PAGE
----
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Vital Wheat Gluten

Vital Wheat Gluten
Vital Wheat Gluten

Vital Wheat Gluten

Vital wheat gluten, sometimes called gluten flour, is a concentrated form of the protein gluten found in wheat. It's not technically flour itself, but rather a processed product made from wheat flour. Around 70-80% of its composition is gluten, making it significantly higher in protein compared to regular wheat flour (which is about 7-12%).

Vital wheat gluten is made by washing away the starch and bran from wheat flour, leaving behind just the gluten protein. It's used in baking and cooking for various purposes, like improving dough elasticity, texture, and rise.

How to store Vital Wheat Gluten?

You can usually find vital wheat gluten in the baking aisle of well-stocked grocery stores, near other flour and baking ingredients. Specialty baking stores or online retailers also offer various options. Some brands offer different textures (fine or coarse), but the impact on baking usually isn't significant.

Like other pantry staples, store vital wheat gluten in a cool, dry place away from direct sunlight and heat. A pantry shelf or cupboard is perfect. Transfer the gluten to an airtight container if the original packaging doesn't provide a secure seal. This prevents moisture absorption and flavor loss.

What to make with leftover Vital Wheat Gluten?

Use gluten as a base for creating plant-based "meat" alternatives. Combine it with spices, vegetables, and seasonings to create vegan burgers, sausage links, or even mock chicken nuggets.

Gluten's binding properties make it a natural adhesive for food crafting. Use it to glue together pieces of rice paper for wrappers, decorate cakes with delicate sugar structures, or even create edible glue for gingerbread houses.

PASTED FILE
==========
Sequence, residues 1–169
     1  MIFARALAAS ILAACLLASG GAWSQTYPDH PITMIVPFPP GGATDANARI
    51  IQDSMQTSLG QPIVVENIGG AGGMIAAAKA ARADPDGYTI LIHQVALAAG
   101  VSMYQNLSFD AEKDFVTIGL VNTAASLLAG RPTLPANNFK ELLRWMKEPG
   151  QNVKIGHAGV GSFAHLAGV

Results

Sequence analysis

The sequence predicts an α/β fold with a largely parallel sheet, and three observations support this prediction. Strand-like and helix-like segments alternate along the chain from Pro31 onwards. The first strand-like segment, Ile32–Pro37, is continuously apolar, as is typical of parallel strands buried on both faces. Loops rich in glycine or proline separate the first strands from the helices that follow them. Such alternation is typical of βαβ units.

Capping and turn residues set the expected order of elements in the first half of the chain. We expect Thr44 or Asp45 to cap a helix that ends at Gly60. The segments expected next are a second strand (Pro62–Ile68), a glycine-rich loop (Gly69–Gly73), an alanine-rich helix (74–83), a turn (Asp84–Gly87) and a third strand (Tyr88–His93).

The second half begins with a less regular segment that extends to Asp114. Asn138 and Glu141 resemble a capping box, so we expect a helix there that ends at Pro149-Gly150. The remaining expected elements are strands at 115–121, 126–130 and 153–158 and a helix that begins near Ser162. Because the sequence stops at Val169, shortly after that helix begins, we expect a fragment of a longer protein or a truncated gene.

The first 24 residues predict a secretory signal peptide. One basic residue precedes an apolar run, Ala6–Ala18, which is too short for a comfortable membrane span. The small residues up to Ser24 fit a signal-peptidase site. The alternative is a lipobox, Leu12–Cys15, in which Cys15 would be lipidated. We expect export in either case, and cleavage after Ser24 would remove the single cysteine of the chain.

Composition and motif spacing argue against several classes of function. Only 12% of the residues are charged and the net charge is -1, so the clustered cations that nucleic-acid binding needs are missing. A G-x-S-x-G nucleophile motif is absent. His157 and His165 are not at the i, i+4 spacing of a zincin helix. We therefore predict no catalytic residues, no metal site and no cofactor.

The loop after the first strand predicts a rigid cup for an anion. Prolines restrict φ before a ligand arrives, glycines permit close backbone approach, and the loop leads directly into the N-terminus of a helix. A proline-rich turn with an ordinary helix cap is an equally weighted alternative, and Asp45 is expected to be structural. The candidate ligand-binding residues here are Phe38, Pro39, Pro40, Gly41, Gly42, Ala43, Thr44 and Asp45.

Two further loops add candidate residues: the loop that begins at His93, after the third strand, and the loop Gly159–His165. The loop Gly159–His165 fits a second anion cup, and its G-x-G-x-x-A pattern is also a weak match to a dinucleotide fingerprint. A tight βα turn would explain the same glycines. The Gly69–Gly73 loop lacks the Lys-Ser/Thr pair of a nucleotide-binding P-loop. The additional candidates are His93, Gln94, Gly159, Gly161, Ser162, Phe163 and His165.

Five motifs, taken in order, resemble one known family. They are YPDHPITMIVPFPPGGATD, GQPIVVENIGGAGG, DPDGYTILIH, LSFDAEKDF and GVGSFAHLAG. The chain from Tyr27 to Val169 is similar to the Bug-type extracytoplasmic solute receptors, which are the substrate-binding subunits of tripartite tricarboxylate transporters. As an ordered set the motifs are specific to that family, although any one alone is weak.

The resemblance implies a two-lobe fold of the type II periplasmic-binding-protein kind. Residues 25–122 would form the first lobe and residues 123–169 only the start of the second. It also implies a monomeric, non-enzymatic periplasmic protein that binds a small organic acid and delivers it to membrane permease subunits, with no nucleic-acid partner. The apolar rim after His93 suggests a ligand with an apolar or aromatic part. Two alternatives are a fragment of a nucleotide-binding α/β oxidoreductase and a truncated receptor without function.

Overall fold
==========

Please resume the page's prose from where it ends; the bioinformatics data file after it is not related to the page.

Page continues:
Food Science

Gluten isn't just food for us! It's also used in adhesives, textiles, and even bioplastics due to its binding and film-forming capabilities. In ancient Japan, gluten was used in a fascinating art form called "hariko," where it was mixed with lacquer and pigments to create intricate decorative objects.

Cooking tips for Vital Wheat Gluten

Use it sparingly: A little goes a long way! Too much vital wheat gluten can make your baked goods dense and gummy.

Xanthan gum and psyllium husk powder are sometimes used as gluten-free alternatives to improve dough structure and texture. However, they won't provide the same protein and elastic properties as gluten.

Seitan, a pure gluten meat substitute, can be made at home using vital wheat gluten. Experiment with different seasonings and cooking methods to create an array of plant-based dishes.

What are the health benefits of Vital Wheat Gluten?

Vital wheat gluten boasts around 70-80% protein, making it a concentrated source for individuals seeking to increase their protein intake. This can be helpful for athletes, vegetarians, or those managing certain health conditions.

For individuals with gluten sensitivity or celiac disease, consuming vital wheat gluten can trigger digestive issues like bloating, diarrhea, constipation, and abdominal pain. In severe cases of celiac disease, it can damage the small intestine and lead to nutrient malabsorption.

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